Comicon’s 5 Best Comic Artists Of 2021

by Erik Amaya

Welcome to’s Best of the Year Awards, gathering the best comics and comics talent of the strange year that was 2021. This year we will be awarding in the following categories: Best Original Graphic Novels, Best Comic Series, Best Single Comic Issues, Best Writers, Best Artists, Best Cover Artists, Best Colorists, Best Letterers, Best Digital/Webcomics, and Most Progressive Comics.

Contributors to Comicon’s Best of the Year Awards this year include: Oliver MacNamee, Brendan M. Allen, Rachel BellwoarScott Redmond, Benjamin Hall, Tito James, Tony Thornley, and Richard Bruton.

The following are Comicon’s 5 Best Comics Artists of 2021.

5. Joëlle Jones

While Wonder Woman has always been infused with images from Greek mythology, Jones’ Wonder Girl adds Brazilian mythology to the mix, introducing new characters like Caipora and Iara who aren’t as recognizable or familiar as, say, pegasuses, which have appeared in pop culture before (but are nonetheless great). Jones doesn’t stay in one place, either. There are multiple setting changes within each issue to maintain interest. If Future World: Wonder Woman saw Yara go to hell in full costume, Wonder Girl shows that Yara is just as comfortable in modern times, wearing a cropped hoodie and sweatpants. That versatility is what makes Jones’ art exciting.

— Rachel Bellwoar

4. Shane Connery Volk

Mad Cave Studios’ 2019 Talent Search turned up Shane Connery Volk as one of the winning artists. In March 2021, Volk teamed up with fellow Talent Search winner David Hazan to bring us Nottingham.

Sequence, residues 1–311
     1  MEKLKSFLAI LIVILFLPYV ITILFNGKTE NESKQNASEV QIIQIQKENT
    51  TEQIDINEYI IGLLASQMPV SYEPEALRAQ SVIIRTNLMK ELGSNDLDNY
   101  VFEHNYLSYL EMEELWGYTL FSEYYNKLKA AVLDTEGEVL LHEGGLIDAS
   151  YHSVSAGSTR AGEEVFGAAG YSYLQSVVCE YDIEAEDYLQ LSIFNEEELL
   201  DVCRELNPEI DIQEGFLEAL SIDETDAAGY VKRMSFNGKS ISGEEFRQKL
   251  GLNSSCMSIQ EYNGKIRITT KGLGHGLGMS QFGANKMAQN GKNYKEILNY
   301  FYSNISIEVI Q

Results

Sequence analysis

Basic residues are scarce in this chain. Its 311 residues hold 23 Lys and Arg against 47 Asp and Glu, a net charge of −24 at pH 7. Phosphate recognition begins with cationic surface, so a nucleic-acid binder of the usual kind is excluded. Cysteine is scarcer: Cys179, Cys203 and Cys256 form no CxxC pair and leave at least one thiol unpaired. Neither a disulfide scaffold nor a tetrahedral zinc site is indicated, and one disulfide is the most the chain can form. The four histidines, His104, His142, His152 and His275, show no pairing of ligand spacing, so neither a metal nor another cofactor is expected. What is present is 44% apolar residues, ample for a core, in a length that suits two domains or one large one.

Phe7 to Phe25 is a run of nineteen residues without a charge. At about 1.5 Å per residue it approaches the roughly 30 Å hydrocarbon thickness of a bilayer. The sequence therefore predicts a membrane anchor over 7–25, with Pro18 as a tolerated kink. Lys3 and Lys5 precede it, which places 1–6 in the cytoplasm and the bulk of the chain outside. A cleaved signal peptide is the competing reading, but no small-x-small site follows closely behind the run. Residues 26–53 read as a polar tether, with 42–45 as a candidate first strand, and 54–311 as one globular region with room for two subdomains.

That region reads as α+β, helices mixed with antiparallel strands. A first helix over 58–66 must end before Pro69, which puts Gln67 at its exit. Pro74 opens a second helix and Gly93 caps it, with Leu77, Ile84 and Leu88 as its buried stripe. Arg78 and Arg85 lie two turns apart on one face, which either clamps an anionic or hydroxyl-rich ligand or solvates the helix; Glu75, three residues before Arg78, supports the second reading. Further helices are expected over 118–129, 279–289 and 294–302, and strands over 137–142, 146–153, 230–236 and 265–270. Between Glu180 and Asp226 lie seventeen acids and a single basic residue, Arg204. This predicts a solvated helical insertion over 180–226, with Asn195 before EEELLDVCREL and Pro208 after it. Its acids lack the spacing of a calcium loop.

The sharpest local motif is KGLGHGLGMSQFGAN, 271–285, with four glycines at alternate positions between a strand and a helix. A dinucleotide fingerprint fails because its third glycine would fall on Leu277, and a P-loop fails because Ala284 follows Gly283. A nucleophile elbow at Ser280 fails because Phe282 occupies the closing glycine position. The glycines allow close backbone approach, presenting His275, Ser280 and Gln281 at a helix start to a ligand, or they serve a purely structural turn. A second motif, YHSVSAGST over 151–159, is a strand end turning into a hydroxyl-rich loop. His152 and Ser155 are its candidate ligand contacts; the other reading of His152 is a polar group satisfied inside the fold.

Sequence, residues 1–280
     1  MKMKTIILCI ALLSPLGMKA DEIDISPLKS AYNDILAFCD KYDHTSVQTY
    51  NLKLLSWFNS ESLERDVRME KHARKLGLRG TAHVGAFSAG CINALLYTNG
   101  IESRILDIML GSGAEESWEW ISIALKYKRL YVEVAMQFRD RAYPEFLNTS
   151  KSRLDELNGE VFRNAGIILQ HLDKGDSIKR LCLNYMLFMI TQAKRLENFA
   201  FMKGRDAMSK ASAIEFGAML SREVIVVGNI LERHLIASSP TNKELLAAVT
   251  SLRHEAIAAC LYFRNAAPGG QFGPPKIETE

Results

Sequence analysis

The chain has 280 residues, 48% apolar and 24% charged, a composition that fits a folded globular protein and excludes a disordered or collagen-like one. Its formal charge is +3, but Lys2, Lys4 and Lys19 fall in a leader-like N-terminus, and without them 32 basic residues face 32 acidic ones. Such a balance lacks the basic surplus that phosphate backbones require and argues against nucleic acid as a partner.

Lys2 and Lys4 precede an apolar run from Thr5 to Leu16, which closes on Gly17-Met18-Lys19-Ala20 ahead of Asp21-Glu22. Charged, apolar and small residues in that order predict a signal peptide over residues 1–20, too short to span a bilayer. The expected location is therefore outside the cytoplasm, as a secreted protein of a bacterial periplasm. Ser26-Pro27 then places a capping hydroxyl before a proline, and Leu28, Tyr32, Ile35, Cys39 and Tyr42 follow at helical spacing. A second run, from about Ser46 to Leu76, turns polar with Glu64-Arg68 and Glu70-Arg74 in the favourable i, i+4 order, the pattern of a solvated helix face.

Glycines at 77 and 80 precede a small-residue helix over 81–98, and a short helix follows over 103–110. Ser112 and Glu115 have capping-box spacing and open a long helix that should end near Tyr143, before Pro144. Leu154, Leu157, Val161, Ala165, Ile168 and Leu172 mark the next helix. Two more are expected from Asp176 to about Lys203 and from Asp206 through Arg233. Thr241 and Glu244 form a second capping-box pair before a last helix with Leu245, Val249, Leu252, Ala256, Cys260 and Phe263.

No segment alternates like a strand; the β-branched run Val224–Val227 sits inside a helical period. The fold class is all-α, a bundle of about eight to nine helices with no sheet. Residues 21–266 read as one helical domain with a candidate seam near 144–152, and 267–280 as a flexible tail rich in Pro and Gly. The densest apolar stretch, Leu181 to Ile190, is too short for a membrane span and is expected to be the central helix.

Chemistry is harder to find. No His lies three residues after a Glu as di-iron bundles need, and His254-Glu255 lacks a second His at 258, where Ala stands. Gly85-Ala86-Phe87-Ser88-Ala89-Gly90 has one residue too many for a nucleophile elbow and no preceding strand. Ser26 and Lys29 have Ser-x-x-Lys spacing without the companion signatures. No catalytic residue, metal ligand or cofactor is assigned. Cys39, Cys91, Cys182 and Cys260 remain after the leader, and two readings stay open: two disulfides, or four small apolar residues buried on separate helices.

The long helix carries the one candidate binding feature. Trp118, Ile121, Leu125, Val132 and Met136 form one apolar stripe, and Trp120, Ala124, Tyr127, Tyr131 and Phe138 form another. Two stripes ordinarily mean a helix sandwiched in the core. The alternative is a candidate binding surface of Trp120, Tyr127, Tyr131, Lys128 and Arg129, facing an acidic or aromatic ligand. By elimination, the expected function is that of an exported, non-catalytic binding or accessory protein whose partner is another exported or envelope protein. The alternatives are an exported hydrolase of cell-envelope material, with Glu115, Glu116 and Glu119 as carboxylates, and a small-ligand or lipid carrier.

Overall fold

Volk’s highly stylized, slightly caricatured style works ridiculously well for the period horror/noir. Deep lines and texture in his faces show emotion (chiefly pain and anger) clearly. Cobbled streets and thatched roofs are insanely detailed, providing a beautiful backdrop for a shocking amount of violence and gore. Beautifully demented, in all the right ways.

— Brendan M. Allen

3. Sophie Campbell

Every issue of Teenage Mutant Ninja Turtles, Sophie Campbell shows her love of the Turtles, their allies & foes, and their world through her writing. We get to see it in her art as well, every other arc or so. Campbell has just such a gorgeous, detailed style that resonates with waves of emotional energy. Each image has weight and depth to it, making it feel real. The love is there through each panel. Another type of energy permeates the well-choreographed action sequences creating what can easily be described as a ‘brutal ballet’ of sorts. Hopefully more Campbell drawn arcs are on the way in 2022.

— Scott Redmond

2. Germán García

It would be easy to make Ka-Zar someone to ogle at. He’s got super muscles, spends most (if not all) of Ka-Zar: Lord of the Savage Land shirtless, and yet what stands out about García’s Ka-Zar is how tired he looks. There’s a shagginess and weariness to the character as drawn by García that’s more Jeff Bridges than Brendan Fraser in George of the Jungle. And while he’s as strong as ever, he’s also older and a dad — and not macho in the slightest. There’s nothing better, for example, than watching a dinosaur get taken out by Ka-Zar’s son’s flower powers in issue one (and while there’s probably a more technical term than “flower powers,” that’s the visual story García tells).

— Rachel Bellwoar

1. Dan Mora

Dan Mora’s artwork on Once and Future has been nothing short of extraordinary. His Heavy Metal horror fantasy take on King Arthur and his knights evokes beautiful, nightmare imagery. Rotting corpse warriors, ferocious beasts, and neon-powered magic weapons are all unique and awe-inspiring. Mora utilizes the best of Japanese and American comic traditions to deliver bold iconic characters who come alive with subjective-motion and speed lines. Any other comic would collapse under its own imaginative weight. Yet no matter how absurd or anachronistic the imagery is, Mora is able to blend various mythologies and genres into a cohesive whole. It’s this ability not only to deliver great looking artwork, but artwork that reinforces the themes of the story that make Mora one of the best artists of the year.

— Tito James

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